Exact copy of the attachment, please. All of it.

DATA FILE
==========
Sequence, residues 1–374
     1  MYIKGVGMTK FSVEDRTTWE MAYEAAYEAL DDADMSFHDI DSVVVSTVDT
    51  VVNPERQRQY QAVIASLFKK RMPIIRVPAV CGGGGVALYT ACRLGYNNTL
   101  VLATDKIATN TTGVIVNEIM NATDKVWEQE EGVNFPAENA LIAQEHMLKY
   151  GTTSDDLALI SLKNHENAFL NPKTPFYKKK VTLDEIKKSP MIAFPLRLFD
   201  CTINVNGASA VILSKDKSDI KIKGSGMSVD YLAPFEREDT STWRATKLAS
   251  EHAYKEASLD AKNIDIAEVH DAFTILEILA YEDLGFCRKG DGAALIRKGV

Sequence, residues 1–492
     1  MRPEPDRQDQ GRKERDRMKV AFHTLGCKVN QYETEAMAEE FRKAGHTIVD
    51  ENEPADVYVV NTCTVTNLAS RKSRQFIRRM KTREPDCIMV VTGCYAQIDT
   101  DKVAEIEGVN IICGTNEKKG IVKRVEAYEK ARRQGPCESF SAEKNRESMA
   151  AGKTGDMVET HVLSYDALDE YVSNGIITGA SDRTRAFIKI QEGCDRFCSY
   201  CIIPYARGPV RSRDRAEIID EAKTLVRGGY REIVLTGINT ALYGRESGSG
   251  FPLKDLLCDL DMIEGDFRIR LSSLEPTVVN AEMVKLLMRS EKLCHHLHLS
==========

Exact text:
Sequence, residues 1–374
     1  MYIKGVGMTK FSVEDRTTWE MAYEAAYEAL DDADMSFHDI DSVVVSTVDT
    51  VVNPERQRQY QAVIASLFKK RMPIIRVPAV CGGGGVALYT ACRLGYNNTL
   101  VLATDKIATN TTGVIVNEIM NATDKVWEQE EGVNFPAENA LIAQEHMLKY
   151  GTTSDDLALI SLKNHENAFL NPKTPFYKKK VTLDEIKKSP MIAFPLRLFD
   201  CTINVNGASA VILSKDKSDI KIKGSGMSVD YLAPFEREDT STWRATKLAS
   251  EHAYKEASLD AKNIDIAEVH DAFTILEILA YEDLGFCRKG DGAALIRKGV

Sequence, residues 1–492
     1  MRPEPDRQDQ GRKERDRMKV AFHTLGCKVN QYETEAMAEE FRKAGHTIVD
    51  ENEPADVYVV NTCTVTNLAS RKSRQFIRRM KTREPDCIMV VTGCYAQIDT
   101  DKVAEIEGVN IICGTNEKKG IVKRVEAYEK ARRQGPCESF SAEKNRESMA
   151  AGKTGDMVET HVLSYDALDE YVSNGIITGA SDRTRAFIKI QEGCDRFCSY
   201  CIIPYARGPV RSRDRAEIID EAKTLVRGGY REIVLTGINT ALYGRESGSG
   251  FPLKDLLCDL DMIEGDFRIR LSSLEPTVVN AEMVKLLMRS EKLCHHLHLS